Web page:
But this was not possible due to intra-regional bickering. As it was the age of dictators, democracy, except by way of lip service was never seen, hence the pro-socialist slogans by these leaders also against imperialism and interventionism provided a long desired relief for the people of this region suffering from the bondage of hereditary monarchs and also from foreign power’s interventionist policies. The 1973 oil crisis, wherein oil-diplomacy ruled for the first time, in fact paved the way for the windfall for dictators. The quantum jump in international oil prices profited oil-rich Libya most of which prompted Gaddafi to initiate several development and modernization projects. For this purpose, he engaged engineers, doctors, and other professionals from across the world, particularly India and Pakistan.

The end of the Cold War, the disintegration of the Soviet Union, and consequent unipolarity and other new developments had caused a new phase of instability or uncertainty in this region particularly due to policies pursued by the United States. This period is highlighted by the first Gulf War. By this time, Egypt, which had no oil and had been bled by successive quixotic wars with Israel, had succumbed to American pressure, as Anwar Sadat overturned Nasser’s anti-Western policies. His successor, Hosni Mubarak, also followed the dictates of America which brought some prosperity to Egypt but Mubarak could not understand the deep-seated desire for freedoms desired by many Egyptians.

Gaddafi himself began his flamboyant career by usurping the authority of the King Idris in 1969 in a bloodless coup in the name of ‘cultural revolution’ which apparently, as usual, was for the sake of the protection of the popular will of the common people. That is why he got the required support of people at large. Riding on the crest of initial popularity, he immediately crowned himself Colonel.

In tandem with his eccentricity, he had a charisma which, in the beginning won him laurels not only among many ordinary Libyans but also in the entire Arab region. Born in 1940, Gaddafi was shrewd enough to capture the popular sentiments of anti-Americanism and anti-Western interventionism prevailing in the Arab world which always paid him rich dividends in term of popularity. An ardent admirer of Gamal Abdel Nasser and Arab nationalism, he immediately evicted the Americans and British forces from their military bases in Libya, browbeat Western oil companies into paying more for access to his country’s oilfields and also declared support for the Palestinian cause. In the same manner, his anti-Israel propaganda, both through rhetoric and action, earned him a certain cachet with some in other Arab states who felt that their own leaders were too supine to act in a decisive way.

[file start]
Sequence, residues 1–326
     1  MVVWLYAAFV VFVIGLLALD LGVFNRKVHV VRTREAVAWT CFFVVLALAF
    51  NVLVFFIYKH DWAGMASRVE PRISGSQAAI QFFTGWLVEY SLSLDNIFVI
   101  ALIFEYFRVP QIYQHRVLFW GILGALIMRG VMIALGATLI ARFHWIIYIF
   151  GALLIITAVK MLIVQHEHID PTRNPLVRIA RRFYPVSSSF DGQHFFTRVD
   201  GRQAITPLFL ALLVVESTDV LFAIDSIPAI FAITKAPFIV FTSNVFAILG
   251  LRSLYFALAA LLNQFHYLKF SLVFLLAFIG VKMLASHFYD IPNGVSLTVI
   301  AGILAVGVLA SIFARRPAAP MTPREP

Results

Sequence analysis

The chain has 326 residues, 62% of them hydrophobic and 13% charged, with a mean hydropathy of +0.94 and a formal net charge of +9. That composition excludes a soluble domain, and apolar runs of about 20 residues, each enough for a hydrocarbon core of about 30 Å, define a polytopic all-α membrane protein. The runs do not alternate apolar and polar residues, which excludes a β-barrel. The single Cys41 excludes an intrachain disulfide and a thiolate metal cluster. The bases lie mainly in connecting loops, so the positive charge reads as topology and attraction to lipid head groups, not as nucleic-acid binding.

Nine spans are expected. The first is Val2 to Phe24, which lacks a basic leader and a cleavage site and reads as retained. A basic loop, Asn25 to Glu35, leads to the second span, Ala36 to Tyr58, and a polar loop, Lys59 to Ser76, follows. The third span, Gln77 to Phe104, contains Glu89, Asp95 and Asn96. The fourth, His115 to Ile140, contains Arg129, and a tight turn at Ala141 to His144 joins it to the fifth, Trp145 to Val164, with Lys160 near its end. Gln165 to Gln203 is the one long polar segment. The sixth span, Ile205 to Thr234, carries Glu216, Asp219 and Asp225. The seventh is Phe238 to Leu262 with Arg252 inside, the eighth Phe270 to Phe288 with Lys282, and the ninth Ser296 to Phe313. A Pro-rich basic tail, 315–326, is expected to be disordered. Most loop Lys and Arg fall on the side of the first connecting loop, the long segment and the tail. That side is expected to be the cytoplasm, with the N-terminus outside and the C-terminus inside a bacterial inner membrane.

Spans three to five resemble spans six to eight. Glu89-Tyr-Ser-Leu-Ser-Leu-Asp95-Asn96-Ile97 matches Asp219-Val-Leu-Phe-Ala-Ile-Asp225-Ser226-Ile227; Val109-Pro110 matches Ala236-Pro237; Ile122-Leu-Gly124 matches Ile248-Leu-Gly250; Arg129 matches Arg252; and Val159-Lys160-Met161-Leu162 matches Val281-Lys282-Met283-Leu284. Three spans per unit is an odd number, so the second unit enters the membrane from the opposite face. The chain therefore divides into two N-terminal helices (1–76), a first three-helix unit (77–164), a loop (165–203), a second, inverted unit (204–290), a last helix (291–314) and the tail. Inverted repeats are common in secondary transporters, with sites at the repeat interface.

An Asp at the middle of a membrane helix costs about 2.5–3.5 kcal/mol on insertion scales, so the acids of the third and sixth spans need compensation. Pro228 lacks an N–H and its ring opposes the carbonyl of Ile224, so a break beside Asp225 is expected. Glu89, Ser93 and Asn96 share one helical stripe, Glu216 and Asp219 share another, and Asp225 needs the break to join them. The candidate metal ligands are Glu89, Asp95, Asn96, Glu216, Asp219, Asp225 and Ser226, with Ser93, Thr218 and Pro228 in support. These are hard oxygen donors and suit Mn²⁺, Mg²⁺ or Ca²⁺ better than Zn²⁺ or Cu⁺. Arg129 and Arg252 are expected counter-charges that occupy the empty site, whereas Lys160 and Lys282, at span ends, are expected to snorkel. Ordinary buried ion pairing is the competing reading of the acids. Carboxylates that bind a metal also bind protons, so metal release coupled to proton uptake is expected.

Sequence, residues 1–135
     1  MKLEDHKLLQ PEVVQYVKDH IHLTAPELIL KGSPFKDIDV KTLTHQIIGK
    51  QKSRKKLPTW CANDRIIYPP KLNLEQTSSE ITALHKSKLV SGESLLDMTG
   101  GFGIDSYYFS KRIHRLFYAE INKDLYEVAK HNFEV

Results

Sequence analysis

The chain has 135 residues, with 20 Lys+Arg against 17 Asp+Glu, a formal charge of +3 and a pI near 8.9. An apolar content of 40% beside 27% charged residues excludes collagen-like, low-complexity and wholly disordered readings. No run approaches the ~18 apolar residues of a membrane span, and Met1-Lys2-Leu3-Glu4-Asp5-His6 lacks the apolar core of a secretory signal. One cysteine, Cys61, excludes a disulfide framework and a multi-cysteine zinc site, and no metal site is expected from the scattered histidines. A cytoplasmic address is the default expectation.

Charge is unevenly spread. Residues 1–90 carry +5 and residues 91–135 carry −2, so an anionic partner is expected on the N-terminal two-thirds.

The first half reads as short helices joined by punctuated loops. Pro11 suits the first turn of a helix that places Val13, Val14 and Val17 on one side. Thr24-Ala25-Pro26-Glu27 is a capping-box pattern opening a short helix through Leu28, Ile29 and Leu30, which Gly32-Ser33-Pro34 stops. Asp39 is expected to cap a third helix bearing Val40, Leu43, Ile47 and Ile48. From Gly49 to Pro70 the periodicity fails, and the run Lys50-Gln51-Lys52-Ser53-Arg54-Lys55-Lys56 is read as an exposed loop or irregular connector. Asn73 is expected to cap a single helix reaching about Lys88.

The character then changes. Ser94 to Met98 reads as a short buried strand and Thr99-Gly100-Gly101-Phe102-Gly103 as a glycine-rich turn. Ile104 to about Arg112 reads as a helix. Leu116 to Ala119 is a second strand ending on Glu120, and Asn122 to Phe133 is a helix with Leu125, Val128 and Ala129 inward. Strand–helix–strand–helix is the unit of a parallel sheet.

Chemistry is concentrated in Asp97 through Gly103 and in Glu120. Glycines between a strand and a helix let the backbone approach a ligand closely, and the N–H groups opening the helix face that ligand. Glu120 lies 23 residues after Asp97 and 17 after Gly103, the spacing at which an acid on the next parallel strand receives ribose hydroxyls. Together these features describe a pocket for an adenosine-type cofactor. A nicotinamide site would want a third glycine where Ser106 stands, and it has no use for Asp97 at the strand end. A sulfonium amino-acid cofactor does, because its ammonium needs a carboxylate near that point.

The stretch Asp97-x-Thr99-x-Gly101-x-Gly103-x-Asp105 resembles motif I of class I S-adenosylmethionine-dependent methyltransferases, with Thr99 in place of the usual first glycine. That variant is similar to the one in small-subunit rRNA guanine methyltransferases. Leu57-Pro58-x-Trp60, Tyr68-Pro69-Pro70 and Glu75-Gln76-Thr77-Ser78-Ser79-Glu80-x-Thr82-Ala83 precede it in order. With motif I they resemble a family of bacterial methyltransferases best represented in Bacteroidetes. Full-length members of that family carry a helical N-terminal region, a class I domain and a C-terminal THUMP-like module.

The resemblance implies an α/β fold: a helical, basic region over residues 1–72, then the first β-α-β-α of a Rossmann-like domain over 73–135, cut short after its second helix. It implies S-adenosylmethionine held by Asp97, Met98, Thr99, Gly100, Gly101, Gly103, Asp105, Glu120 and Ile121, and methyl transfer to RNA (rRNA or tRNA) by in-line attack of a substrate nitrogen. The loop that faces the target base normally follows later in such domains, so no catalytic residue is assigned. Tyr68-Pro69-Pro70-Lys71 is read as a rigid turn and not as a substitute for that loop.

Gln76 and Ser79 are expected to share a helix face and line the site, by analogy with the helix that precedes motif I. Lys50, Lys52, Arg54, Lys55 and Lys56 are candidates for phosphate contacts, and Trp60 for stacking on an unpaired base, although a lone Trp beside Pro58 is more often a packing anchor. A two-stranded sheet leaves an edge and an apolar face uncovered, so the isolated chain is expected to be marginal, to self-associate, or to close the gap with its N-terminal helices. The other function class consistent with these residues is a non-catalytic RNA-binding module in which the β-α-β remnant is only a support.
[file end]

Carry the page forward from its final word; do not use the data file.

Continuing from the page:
But his most enduring quality, his ability to estrange, would ensure his country’s isolation. A pariah state on the fringe of international affairs. For most of his four decade rule Gaddafi successfully maintained tight control over his regime by ruthlessly crushing and eliminating all of his dissidents. Approximately 2000 such dissidents were brutally eliminated in the very beginning of his rule. He had also not nominated his successor for reasons best known to him. He had a political philosophy of his own contained in the Green Book, his own version of Mao’s Little Red Book. An inexact mixture of socialism and Islam. It rejected liberal democracy and capitalism in favour of direct democracy waged through popular committees. State ownership of media was a prerequisite, as private ownership of television stations and newspapers represented an affront to real democracy.

The result was the world’s most cowed media, a vital element in the development of the vast kleptocracy that became Libya. Also, terrorism was the modus operandi of his regime as he became an active sponsor of terrorism. He not only aided and armed the IRA, but also tried to sink the Queen Elizabeth II, as it carried a group of 600 Jewish passengers through the Mediterranean towards Israel. Gaddafi also ordered the bombing of a night club in Berlin in 1986, followed by the bombing of a Pan Am Flight 103 over Lockerbie, Scotland in 1988, killing all 259 passengers on board. By far the heaviest loss of life in any terrorist attack in British history. Under Qaddafi, Libyan intelligence became the most brutal sponsor of terrorism against the West, particularly after the alleged death of his daughter in a US attack in 1986 during the Reagan administration. This thus completed Libya’s transformation into a pariah state.

With all profligacy, extravagance and lavishness, he exploited and looted his country and his people to the core all through his long oppressive rule, while ignoring his real duty to serve his countrymen. He never gave much thought to their education, health and employment or other basic needs. As a result, he and his family enjoyed all worldly pleasures in the maximum possible way, while the people at large remained condemned to live a life of utter penury devoid of the primary requirements of a life of dignity and honour.